I’ve been sick and the dog is sick and the partner is sick and the house is in ruins and the fridge is half filled bottles of kombucha and open bottles of Tylenol cold and flu and I mistook the pile of laundry for a small intruder the other day but for all of this, the cure was an hour with @granta_magazine ‘s newest issue, which of all the litmags I’ve received over the past year, is the first that has truly seized me at the throat and kept me at attention and amid my sinuses and my swollen head and my general lack of oxygen, this issue hit my bloodstream with clarity, and if you are, like I am, in a long brooding about the earth and its animals, the rot we wreak upon both, the shape and contour and wilderness that might not be, of the future, then this issue is for you. If you, as I am, think in the bent forms of dystopia and modern fable and sci-fi, and images, then lose no more time to just living, start reading. If you, like I am, are caught in the warped gravity of Joy Williams, then feast upon this line from her contribution to the issue: “be not afraid and be not lonely, Wilhelmina thought, but could not bring herself to say it. She wanted to reflect on her pretty piglets but night had fallen and she and her friends were once again hopelessly caught up in trying to comprehend the terrible ways of men.”

Book piles for May 1st
Thinking stack makes ne go hmmm

#booksIove #bookpiles #reading #bookstack #readingoutsidethebox

“Sometimes you find the thing you needed to encounter at just the right moment. I’m only a few pages in but this is some of the most beautiful writing I have ever come across — what else do I miss with my myopic view of what *I* study and what interests me? Here’s to trying to stay open and create a space for things that are new or simply crowded out.”
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These lines by the lovely Julia @juliamegumi, detailing her initial impressions of ‘The Beekeeper’ by Dunya Mikhail (from the April Book Box), really resonated with me. There have been so many times in the past many years when I have thought that some thing: a book, a painting, a film, (even this particular book!!), may not be something that I might enjoy, may be outside my comfort zone. And I’ve found that I haven’t always been right about what I think I will not enjoy. You would think ‘The Beekeeper’, is a certain kind of book. It is after all a book that describes how the Yazidi women were rescued from the clutches of the Daesh/Isis terrorist group. It is heartbreaking, yes, often depressing, but it is also so much more than that. Not only the actual events that occur, but the spaces in between those events, are woven so beautifully. There is place to breathe and think and wander, like when the writer, Dunya Mikhail, tells you about the Arabic letter N, or when she details her experience of drinking coffee with the beekeeper, or sweeping the yard outside the Yazidi temple. And so I have slowly let go of just clinging to things and experiences that I think I will like, because there is no way I’ll actually know, if I don’t experience the other things. #readingoutsidethebox #worldliterature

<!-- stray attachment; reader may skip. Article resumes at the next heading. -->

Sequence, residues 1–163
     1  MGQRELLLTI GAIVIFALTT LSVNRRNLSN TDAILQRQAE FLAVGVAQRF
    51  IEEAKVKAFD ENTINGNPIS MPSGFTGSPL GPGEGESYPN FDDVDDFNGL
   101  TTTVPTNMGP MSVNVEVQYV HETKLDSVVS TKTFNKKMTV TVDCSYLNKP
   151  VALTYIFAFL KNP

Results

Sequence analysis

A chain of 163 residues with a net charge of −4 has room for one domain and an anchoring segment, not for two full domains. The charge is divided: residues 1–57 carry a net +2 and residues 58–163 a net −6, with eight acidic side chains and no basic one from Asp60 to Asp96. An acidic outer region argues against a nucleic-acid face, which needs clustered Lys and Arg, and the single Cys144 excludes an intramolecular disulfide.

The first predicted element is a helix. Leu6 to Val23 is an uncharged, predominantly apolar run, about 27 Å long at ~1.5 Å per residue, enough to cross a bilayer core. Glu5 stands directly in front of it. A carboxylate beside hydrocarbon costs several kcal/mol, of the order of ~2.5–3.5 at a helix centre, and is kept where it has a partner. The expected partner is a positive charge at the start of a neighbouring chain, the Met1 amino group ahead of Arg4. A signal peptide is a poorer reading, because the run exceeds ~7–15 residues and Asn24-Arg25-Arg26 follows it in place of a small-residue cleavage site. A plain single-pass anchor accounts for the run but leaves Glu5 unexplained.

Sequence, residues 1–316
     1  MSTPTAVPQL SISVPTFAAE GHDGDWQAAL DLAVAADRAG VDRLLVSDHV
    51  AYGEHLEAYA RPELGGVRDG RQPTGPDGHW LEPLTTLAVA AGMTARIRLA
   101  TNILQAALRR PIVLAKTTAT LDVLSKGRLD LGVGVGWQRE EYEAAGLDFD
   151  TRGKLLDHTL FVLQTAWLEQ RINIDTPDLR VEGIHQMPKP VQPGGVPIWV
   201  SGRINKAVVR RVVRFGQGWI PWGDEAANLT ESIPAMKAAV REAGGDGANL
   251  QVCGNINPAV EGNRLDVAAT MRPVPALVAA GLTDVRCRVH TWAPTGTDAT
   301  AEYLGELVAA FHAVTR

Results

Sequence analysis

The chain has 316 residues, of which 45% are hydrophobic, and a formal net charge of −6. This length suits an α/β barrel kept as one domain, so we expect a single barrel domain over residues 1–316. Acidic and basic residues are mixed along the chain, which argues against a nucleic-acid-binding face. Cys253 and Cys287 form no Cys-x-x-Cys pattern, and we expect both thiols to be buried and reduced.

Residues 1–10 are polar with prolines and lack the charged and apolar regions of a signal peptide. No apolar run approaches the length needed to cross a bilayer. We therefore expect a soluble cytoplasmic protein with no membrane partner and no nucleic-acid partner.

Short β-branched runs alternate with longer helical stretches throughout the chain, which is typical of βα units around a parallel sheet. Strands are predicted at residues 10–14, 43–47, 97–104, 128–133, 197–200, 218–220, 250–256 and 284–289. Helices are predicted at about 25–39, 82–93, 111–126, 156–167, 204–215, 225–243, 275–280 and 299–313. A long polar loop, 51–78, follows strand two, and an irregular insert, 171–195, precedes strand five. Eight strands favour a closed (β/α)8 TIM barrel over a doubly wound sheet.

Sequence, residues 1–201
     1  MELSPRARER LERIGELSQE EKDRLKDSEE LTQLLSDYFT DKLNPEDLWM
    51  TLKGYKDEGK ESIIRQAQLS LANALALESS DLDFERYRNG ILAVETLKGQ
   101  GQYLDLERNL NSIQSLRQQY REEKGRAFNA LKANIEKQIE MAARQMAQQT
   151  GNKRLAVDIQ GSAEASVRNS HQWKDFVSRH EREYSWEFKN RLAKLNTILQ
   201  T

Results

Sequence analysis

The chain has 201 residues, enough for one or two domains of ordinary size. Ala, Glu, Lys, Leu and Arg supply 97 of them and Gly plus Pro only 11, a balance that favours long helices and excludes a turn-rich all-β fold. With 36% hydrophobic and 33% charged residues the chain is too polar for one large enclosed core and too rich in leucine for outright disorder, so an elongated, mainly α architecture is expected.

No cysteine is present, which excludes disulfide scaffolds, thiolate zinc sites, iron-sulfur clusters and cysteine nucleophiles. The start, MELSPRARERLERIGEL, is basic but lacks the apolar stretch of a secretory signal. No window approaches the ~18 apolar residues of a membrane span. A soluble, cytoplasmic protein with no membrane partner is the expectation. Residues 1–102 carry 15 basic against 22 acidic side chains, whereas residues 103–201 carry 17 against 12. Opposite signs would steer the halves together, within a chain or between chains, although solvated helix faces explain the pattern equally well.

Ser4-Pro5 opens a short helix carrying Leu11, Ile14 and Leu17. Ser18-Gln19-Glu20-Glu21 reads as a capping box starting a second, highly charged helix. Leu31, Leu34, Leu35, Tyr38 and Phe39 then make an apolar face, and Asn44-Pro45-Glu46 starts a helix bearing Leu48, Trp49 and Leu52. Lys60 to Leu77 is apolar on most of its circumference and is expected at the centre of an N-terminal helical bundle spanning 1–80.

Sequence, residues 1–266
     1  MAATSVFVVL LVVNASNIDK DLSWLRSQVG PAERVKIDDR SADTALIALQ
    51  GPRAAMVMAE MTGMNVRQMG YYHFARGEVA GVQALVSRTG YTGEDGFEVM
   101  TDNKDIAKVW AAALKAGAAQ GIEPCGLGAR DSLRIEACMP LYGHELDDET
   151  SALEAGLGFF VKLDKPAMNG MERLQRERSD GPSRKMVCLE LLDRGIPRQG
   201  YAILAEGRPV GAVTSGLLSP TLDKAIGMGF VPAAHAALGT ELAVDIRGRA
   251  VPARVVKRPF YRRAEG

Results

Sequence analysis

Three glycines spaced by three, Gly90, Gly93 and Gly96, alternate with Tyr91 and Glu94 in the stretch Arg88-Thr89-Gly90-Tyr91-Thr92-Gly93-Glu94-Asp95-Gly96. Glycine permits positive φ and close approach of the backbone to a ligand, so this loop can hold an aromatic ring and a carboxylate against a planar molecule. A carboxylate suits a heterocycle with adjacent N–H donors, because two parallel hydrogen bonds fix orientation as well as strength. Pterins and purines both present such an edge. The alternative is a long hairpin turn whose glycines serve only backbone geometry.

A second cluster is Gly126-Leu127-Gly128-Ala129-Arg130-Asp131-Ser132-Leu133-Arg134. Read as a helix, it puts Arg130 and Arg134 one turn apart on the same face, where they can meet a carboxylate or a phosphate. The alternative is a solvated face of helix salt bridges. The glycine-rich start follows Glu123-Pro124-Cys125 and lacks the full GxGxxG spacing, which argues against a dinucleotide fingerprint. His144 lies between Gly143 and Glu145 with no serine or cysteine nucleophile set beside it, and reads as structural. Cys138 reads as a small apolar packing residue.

‘There were people who had survived many deaths in the time of the dictatorship only to find themselves face-to-face with a pointless death in the age of “democracy” - when, for example, a motorbike ran into them in the middle of the road. Believers lost their faith when those who had shared their beliefs and their struggles betrayed them and their principles. Non-believers had become believers when they saw the “merits” and benefits of faith. The strange things that had come to light in the past three years were too many to count.’



I found Frankenstein in Baghdad an enjoyable read; it has a knowingness and dark humour that for the most part works, and a wide cast of characters that are well drawn out. I was less interested in the novel as an “update” of Shelley (which it really isn’t) and more affected by its depiction of the madness, fragility and perseverance of life in post-invasion Baghdad. The city and its fractures really come alive.
I know that a lot of readers will come to this translation because of the familiarity implied by “Frankenstein”, which is fine, but I do hope it becomes a gateway novel into other books from the region - as opposed to representative of contemporary Arabic literature. This is the problem with underrepresentation! A handful of books/authors stand for a whole continent (hello Adichie and Nigeria/Africa). So, by all means read Frankenstein in Baghdad. It’s a darkly playful novel that allows for all sorts of interpretations. But let it take you to other Iraqi and Arabic writers! There is so much more. #SophiaStoriesReviews #ReadingOutsideTheBox


#FrankensteinInBaghdad #AhmedSaadawi #iraqiliterature #arablit #arabicliterature #contemporaryfiction #literaryfiction #manbookerinternationalprize #diversereads #bookreview #bookblogger #booksandcoffee #penguinmug #frankenstein #oneworldpublications #independentpublishing #greenbooks #currentread #middleeasternliterature #alwaysreading #فرانكشتاين_في_بغداد #أحمد_سعداوي